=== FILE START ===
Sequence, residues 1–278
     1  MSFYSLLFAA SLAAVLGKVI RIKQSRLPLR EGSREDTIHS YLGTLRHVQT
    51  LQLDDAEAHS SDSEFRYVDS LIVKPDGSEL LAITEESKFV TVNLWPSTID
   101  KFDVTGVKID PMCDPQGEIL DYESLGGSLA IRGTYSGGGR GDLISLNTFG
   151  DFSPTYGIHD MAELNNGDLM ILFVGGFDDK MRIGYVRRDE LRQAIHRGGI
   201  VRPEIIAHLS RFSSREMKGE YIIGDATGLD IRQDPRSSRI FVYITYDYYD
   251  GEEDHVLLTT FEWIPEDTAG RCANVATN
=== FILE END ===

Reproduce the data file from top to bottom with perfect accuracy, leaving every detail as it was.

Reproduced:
Sequence, residues 1–278
     1  MSFYSLLFAA SLAAVLGKVI RIKQSRLPLR EGSREDTIHS YLGTLRHVQT
    51  LQLDDAEAHS SDSEFRYVDS LIVKPDGSEL LAITEESKFV TVNLWPSTID
   101  KFDVTGVKID PMCDPQGEIL DYESLGGSLA IRGTYSGGGR GDLISLNTFG
   151  DFSPTYGIHD MAELNNGDLM ILFVGGFDDK MRIGYVRRDE LRQAIHRGGI
   201  VRPEIIAHLS RFSSREMKGE YIIGDATGLD IRQDPRSSRI FVYITYDYYD
   251  GEEDHVLLTT FEWIPEDTAG RCANVATN